ii. The number of moles of each constituent element present in 100g of the substance is obtained by dividing percentage of the element by its atomic mass.

    iii. The ratio of number of moles of constituent elements is determined. It is then converted into smallest simple whole number ratio.

    eg. For ethanol, C2H5OH, the smallest simple whole number ratio in the order of C : H : O is 2 : 6 : 1.

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    iv. For fractional ratios, the whole number ratio is obtained by multiplying it with suitable integer. For this, minor fractions may be neglected.

    v. The empirical formula of the compound is obtained by writing the whole numbers of the ratio of number of moles of elements as the subscripts to the right side of the corresponding atoms of the elements.

    vi. Molecular mass of the substance is experimentally determined. The ratio (r) of molar mass of the substance to the empirical formula mass of the substance is determined, then

    Molecular formula = r empirical formula of compound. #Q.46. Write empirical and molecular formulae of following compounds: i. water ii. carbon iii. methane iv. hydrogen peroxide v. acetylene vi. glucose vii. diborane viii. tetraphosphorous decoxide. Ans:

    Compound Empirical formula Molecular formula i. Water H2O H2O ii. Carbon C C iii. Methane CH4 CH4 iv. Hydrogen peroxide HO H2O2v. Acetylene CH C2H2vi. Glucose CH2O C6H12O6 vii. Diborane BH3 B2H6 viii. Tetraphosphorous decoxide P2O5 P4O10

    1.10 Chemical reactions and stoichiometry Q.47. What is a chemical reaction? Ans: Chemical reaction is a process in which a single substance or many substances interact with each other to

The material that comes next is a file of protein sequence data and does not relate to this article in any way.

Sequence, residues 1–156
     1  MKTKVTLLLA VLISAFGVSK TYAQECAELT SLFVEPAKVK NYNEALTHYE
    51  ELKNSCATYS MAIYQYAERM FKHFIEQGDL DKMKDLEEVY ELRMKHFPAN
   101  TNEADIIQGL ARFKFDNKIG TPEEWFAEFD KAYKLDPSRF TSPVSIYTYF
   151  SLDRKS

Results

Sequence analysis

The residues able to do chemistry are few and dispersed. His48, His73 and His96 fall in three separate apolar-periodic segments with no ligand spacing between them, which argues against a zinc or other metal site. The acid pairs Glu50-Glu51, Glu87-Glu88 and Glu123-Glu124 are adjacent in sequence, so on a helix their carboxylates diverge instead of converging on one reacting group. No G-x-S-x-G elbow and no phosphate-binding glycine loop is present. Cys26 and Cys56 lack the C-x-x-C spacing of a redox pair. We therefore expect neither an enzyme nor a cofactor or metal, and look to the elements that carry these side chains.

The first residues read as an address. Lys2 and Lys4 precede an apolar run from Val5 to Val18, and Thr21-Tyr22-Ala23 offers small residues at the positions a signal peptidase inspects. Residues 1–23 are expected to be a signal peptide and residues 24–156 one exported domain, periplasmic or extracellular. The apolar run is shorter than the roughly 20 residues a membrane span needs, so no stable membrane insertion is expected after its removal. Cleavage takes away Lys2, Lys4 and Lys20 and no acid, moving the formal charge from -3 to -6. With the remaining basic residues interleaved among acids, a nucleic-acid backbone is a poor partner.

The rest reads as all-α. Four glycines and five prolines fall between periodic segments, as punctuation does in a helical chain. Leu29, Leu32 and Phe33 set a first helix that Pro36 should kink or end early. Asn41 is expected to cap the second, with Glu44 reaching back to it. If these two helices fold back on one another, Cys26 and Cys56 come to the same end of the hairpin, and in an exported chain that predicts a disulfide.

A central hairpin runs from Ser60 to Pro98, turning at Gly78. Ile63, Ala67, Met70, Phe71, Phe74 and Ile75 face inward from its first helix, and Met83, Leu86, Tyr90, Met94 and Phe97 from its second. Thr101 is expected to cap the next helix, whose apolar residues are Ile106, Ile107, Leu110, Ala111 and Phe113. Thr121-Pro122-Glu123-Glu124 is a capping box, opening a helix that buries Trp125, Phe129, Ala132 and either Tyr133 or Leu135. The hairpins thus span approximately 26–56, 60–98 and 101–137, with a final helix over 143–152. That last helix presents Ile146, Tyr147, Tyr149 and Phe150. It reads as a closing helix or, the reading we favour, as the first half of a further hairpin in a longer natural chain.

produce one or more substances. They are represented in terms of chemical equation. eg. The chemical reaction for the formation of water (product) from gaseous hydrogen and oxygen (reactants)

    may be written as, H2(g) + O2(g) H2O(g) This is as shown below:

    Q.48. Describe in brief representation of chemical symbols in a chemical equation. Ans: Chemical equation use chemical symbols called formulae of reactants and products. For example, symbol

    of atomic hydrogen is H. It exists in gaseous state as a diatomic molecule. Therefore, chemical formula of hydrogen molecule is H2, its gaseous state is indicated by the suffix (g) and written completely as H2(g). Similarly other gases are represented as, oxygen O2(g), nitrogen N2(g), fluorine F2(g), chlorine Cl2(g), bromine Br2(g) and Iodine I2(g).

    At room temperature, bromine exists in liquid state, hence, bromine in liquid state is represented as Br2(l) while iodine exists in solid state and hence represented as I2(S).

    +

    Two hydrogen molecules + One oxygen molecule Two water molecules2H2 + O2 2H2O

    Formation of water molecules

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    Q.49. What are reactants and products in a chemical reaction? Ans: The starting material which takes part in chemical reaction is called as reactant, the substance formed after